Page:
Moving back to school each year can be a pain.
Boxes seem to triple, and stairwells feel like Mario’s Endless Stairs. Before long, school starts, tests come, the thought of planning for the future has disappeared and we get caught up in the challenges of daily life.
This is especially true for job searching and resume building.
These are often the first things to be put on the back burner, but that doesn’t have to be the case at all. By choosing to network, job searching and resume building become easier.
Networking does not have to be work; no more than saying “hi” to friends, it can become easy in no time by just making an effort to be noticed and heard.
Start by talking to the different groups of people you know. They don’t have to be deep drawn out conversations.
A quick e-mail can work wonders for keeping you connected.
Making it a point to go to professors’ office hours is a simple yet effective step. Not only will you get help with class questions but professors who know you by name are more often willing to help with things other than tests and homework.
Good relationships with professors can yield recommendation letters or new contacts in the professional world. Many Tech professors are actually interesting; the fifteen-minute change to your schedule will be worth it in more ways than one.
Next, make a list of jobs you like and attempt to network with people in those fields.
This means looking outside of your contacts at the Institute. Do this by going to a career fair. While it is likely that students will vastly outnumber employers, putting forth an effort never hurts.
Look professional, take copies of your resume, dress in nothing less than business casual and do not come back empty handed.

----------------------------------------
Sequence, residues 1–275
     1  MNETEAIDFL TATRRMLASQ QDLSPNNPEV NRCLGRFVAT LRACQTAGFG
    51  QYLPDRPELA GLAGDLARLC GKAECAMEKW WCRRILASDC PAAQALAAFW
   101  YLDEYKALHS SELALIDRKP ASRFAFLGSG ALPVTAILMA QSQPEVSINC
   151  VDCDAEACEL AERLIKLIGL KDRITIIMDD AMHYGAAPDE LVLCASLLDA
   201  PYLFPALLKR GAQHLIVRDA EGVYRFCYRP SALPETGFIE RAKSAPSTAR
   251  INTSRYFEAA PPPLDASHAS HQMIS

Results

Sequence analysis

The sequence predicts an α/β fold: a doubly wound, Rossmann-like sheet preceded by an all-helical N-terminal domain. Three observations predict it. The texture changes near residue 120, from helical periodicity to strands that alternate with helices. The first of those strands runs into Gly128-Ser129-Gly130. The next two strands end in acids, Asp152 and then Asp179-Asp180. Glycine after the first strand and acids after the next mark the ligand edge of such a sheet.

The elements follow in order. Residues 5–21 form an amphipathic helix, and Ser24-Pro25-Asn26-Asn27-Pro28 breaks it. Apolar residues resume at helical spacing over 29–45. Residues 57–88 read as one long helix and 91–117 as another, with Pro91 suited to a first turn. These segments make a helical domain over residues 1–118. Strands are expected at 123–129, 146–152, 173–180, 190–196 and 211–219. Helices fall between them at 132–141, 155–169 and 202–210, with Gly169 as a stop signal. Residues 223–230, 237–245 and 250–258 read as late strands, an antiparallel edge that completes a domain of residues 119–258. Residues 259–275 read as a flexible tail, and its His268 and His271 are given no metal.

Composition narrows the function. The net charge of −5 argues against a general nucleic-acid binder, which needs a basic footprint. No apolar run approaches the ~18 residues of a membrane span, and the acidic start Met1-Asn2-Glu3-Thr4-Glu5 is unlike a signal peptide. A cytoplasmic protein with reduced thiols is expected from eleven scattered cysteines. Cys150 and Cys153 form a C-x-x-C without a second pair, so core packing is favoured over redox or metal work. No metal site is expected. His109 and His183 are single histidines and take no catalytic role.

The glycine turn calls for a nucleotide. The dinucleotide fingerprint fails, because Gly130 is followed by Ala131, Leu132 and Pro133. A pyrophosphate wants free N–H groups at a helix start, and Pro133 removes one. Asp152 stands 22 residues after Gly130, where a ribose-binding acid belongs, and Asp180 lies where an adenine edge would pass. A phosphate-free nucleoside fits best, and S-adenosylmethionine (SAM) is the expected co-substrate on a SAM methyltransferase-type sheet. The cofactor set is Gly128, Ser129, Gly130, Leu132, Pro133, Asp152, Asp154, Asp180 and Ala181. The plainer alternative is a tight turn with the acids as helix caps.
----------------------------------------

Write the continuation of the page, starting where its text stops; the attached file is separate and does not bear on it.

Even if you don’t get a job interview, at least get the employers’ business cards as you never know why you might need to contact them in the future.
Aside from professors and corporations, consider the fact that friends and family are also networks waiting to be tapped. It doesn’t take too much time to call an aunt, uncle or grandma.
The more people that know what job, internship or co-op interests you, the more likely that something will be found.
Also do not forget about friends. While they will not be as excited to hear about your work aspirations, they will try to help.
Don’t forget that CEOs have relatives, and the CEO of a company you love just might be tied to a friend. In this age of social media madness, most top level executives in companies are also on Twitter, Facebook, LinkedIn, etc. Use these platforms as a means of networking.
Simply put, the best advice to networking is being willing to put yourself out there. Knowing and understanding that networking is a way of life and happens every time you meet someone is half the battle won. You are a part of multiple networks; you never know which one you might need to tap into at a given time.
Networking is essential and hopefully you’ll be a master at it in no time. Take this advice to better your networking, and remember the old adage that it is not what you know, but whom you know.